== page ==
Con.cpp: At global scope:
Con.cpp:32: error: declaration of C function `void lfit_init(lfit*)' conflicts with
/usr/local/include/lffuns.h:140: error: previous declaration `void lfit_init()' here
Con.cpp:33: error: declaration of C function `double dointpoint(lfit*, double*, int, int, int)' conflicts with
/usr/local/include/lffuns.h:41: error: previous declaration `double dointpoint()' here
make: *** [gCon.o] Error 1
----------------------------

If I take out the arguments in the 'extern "C" void function(...)' declarations, then I just get the same error where it says I'm passing too many arguments.

Please let me know if there is any other information that is needed.

Many thanks!

-Brett

0
 

Author Comment

by:brgordon
ID: 17064654
Woops....ignore the compilation statements from above. here's the correct output:

----------------------------------------------
In file included from Con.cpp:8:
fitting.cpp:22: error: declaration of C function `void startlf(design*, lfit*, int (*)(), int)' conflicts with
/usr/local/include/lffuns.h:140: error: previous declaration `void startlf()' here
Con.cpp:32: error: declaration of C function `void lfit_init(lfit*)' conflicts with
/usr/local/include/lffuns.h:140: error: previous declaration `void lfit_init()' here
Con.cpp:33: error: declaration of C function `double dointpoint(lfit*, double*, int, int, int)' conflicts with
/usr/local/include/lffuns.h:41: error: previous declaration `double dointpoint()' here
make: *** [gCon.o] Error 1
----------------------------------

-Brett
0
 
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Accepted Solution

by:
bpmurray earned 125 total points
ID: 17065111
You have to include the correct signatures for the functions. In other words, if you have parameters in the C source, you also have to include them in the header file, something like this below, although I've marked where I can't see the params for the functions:

ifdef __cplusplus
 extern "C" {
 #endif

/* density.c */
extern int densinit(), likeden(double, double, double, double);  /* Does densinit() have any params? */
extern int fact[];
extern void prodintresp(double*, double[][], int, int, int), prresp(double, double, int);
extern int de_mint, de_itype, de_renorm;

/* dens_haz.c */
extern void haz_init(); /* Do haz_init and hasint have any params? */
extern int hazint();

[......]

 #ifdef __cplusplus
 }
 #endif
0
 
LVL 8

Expert Comment

by:manish_regmi
ID: 17065145
The above error shows that
your decalrations in lffuns.h does not have parameters but the implementation in .cpp have .

regards
Manish
0
 

Author Comment

by:brgordon
ID: 17065194
Manish,

The implementations are not in the .cpp files, they are in the original C files in the library (included as DLLs).

bpmurray,

Do I only need to change the signatures in the C header file for functions that I'm calling from my C++ program? Or all the headers?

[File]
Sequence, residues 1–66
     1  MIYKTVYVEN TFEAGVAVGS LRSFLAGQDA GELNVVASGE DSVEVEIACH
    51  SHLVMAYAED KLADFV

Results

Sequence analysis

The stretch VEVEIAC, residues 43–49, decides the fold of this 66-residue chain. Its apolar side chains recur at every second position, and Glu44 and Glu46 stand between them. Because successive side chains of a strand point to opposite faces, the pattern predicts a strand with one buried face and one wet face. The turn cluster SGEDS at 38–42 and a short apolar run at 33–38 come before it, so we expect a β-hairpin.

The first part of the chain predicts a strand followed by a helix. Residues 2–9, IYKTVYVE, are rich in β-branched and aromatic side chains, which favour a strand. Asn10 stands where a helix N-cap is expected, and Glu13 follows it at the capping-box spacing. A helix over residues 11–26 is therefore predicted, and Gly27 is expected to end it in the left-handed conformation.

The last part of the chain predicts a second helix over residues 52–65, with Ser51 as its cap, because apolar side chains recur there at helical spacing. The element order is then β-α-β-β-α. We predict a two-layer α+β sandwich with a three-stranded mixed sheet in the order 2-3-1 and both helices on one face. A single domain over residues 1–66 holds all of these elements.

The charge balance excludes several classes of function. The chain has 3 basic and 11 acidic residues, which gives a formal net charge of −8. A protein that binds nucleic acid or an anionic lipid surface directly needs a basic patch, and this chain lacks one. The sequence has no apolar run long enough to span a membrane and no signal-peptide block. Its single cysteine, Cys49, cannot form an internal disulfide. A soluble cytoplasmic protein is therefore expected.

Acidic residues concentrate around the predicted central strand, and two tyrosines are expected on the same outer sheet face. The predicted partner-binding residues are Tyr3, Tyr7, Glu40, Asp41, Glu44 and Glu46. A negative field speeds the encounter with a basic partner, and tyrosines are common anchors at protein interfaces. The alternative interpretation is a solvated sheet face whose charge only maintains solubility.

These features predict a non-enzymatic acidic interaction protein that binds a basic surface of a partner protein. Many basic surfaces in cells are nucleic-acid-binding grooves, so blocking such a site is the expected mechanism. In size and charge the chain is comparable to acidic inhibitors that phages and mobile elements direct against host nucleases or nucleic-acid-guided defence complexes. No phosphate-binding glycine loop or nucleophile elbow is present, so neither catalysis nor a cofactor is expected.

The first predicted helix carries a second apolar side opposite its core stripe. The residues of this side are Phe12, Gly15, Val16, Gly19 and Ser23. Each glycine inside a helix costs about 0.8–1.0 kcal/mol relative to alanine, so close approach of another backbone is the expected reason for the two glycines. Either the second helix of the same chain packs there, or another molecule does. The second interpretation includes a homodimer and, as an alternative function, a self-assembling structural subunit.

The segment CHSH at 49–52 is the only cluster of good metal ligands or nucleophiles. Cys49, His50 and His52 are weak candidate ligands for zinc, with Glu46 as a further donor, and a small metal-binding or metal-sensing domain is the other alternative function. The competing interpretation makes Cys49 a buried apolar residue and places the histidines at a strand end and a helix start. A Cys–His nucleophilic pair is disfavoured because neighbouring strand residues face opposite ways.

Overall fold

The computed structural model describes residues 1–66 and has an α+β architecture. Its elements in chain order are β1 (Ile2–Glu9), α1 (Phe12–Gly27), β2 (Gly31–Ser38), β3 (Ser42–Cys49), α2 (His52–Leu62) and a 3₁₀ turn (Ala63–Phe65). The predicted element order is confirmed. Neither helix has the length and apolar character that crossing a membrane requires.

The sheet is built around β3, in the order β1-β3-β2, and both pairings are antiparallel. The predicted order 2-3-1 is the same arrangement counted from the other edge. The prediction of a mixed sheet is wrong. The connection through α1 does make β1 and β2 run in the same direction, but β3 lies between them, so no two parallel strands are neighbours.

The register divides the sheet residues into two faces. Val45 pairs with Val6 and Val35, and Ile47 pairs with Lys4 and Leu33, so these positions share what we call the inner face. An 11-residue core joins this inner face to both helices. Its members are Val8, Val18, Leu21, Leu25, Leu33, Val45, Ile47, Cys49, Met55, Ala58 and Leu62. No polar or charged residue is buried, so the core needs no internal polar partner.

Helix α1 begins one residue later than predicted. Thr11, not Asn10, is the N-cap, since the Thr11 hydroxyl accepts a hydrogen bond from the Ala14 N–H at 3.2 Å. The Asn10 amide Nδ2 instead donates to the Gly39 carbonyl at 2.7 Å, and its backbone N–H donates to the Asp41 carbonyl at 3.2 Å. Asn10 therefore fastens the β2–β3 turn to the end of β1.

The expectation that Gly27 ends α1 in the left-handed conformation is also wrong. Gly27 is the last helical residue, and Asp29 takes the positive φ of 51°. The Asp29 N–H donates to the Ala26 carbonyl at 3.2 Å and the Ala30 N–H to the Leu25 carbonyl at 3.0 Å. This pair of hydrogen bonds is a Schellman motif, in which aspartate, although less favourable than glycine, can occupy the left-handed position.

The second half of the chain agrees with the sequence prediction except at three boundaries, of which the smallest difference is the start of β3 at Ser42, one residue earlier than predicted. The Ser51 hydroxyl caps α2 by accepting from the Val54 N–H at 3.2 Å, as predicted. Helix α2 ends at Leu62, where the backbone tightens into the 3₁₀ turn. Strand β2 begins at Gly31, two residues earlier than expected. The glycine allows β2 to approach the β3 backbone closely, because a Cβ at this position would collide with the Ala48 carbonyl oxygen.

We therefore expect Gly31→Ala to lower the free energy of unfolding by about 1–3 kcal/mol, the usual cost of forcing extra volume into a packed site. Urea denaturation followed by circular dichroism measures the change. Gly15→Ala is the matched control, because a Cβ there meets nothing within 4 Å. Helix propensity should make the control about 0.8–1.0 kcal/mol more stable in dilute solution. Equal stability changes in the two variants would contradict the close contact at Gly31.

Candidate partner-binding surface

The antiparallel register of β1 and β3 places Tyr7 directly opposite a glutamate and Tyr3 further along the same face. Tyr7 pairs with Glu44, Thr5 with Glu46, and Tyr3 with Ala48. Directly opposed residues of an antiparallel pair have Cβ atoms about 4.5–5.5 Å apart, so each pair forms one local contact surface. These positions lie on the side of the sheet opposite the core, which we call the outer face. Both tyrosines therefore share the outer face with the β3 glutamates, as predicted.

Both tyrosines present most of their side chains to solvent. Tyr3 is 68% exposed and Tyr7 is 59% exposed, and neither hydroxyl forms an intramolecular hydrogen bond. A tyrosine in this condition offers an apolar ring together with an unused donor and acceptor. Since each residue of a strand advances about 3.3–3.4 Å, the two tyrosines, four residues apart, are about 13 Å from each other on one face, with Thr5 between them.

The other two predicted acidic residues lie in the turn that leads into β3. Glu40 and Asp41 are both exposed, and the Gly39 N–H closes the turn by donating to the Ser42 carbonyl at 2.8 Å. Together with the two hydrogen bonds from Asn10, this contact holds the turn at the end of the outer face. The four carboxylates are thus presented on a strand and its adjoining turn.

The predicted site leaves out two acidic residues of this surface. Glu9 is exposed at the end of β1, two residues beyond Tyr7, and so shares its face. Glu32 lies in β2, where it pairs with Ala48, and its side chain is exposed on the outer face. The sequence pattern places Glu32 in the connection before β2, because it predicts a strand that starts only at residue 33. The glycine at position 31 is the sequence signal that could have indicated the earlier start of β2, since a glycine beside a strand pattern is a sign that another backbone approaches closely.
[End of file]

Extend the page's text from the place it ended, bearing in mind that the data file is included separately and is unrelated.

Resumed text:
I tried changing only the functions I actually call. That made compilation OK, but when it got to linking, I ran into a *TON* of "undefined reference errors".
Here's my linking statement:

gcc -Wall -O3 main.cpp $(OBJS) -o dynduo  -I/usr/local/include -L/usr/local/lib -lgsl -lgslcblas -lm -lc -l liblfev -l libmut

-----------------------------------------------------------------
/cygdrive/c/DOCUME~1/brgordon/LOCALS~1/Temp/ccfsHqBO.o:main.cpp:(.text+0x18d2): undefined reference to `std::basic_ostream<char, std::char_t
raits<char> >& std::operator<< <std::char_traits<char> >(std::basic_ostream<char, std::char_traits<char> >&, char const*)'
/cygdrive/c/DOCUME~1/brgordon/LOCALS~1/Temp/ccfsHqBO.o:main.cpp:(.text+0x18f0): undefined reference to `vtable for std::basic_ifstream<char,
 std::char_traits<char> >'
/cygdrive/c/DOCUME~1/brgordon/LOCALS~1/Temp/ccfsHqBO.o:main.cpp:(.text+0x18f5): undefined reference to `std::ios_base::ios_base()'
/cygdrive/c/DOCUME~1/brgordon/LOCALS~1/Temp/ccfsHqBO.o:main.cpp:(.text+0x18ff): undefined reference to `VTT for std::basic_ifstream<char, st
d::char_traits<char> >'
/cygdrive/c/DOCUME~1/brgordon/LOCALS~1/Temp/ccfsHqBO.o:main.cpp:(.text+0x1904): undefined reference to `vtable for std::basic_ifstream<char,
 std::char_traits<char> >'
/cygdrive/c/DOCUME~1/brgordon/LOCALS~1/Temp/ccfsHqBO.o:main.cpp:(.text+0x1910): undefined reference to `VTT for std::basic_ifstream<char, st
d::char_traits<char> >'
/cygdrive/c/DOCUME~1/brgordon/LOCALS~1/Temp/ccfsHqBO.o:main.cpp:(.text+0x196b): undefined reference to `std::basic_filebuf<char, std::char_t
raits<char> >::basic_filebuf()'
/cygdrive/c/DOCUME~1/brgordon/LOCALS~1/Temp/ccfsHqBO.o:main.cpp:(.text+0x198e): undefined reference to `std::basic_ios<char, std::char_trait
s<char> >::init(std::basic_streambuf<char, std::char_traits<char> >*)'
/cygdrive/c/DOCUME~1/brgordon/LOCALS~1/Temp/ccfsHqBO.o:main.cpp:(.text+0x19af): undefined reference to `std::basic_filebuf<char, std::char_t
raits<char> >::open(char const*, std::_Ios_Openmode)'
/cygdrive/c/DOCUME~1/brgordon/LOCALS~1/Temp/ccfsHqBO.o:main.cpp:(.text+0x19d6): undefined reference to `std::basic_ios<char, std::char_trait
s<char> >::clear(std::_Ios_Iostate)'
/cygdrive/c/DOCUME~1/brgordon/LOCALS~1/Temp/ccfsHqBO.o:main.cpp:(.text+0x19ef): undefined reference to `std::__basic_file<char>::is_open() c
onst'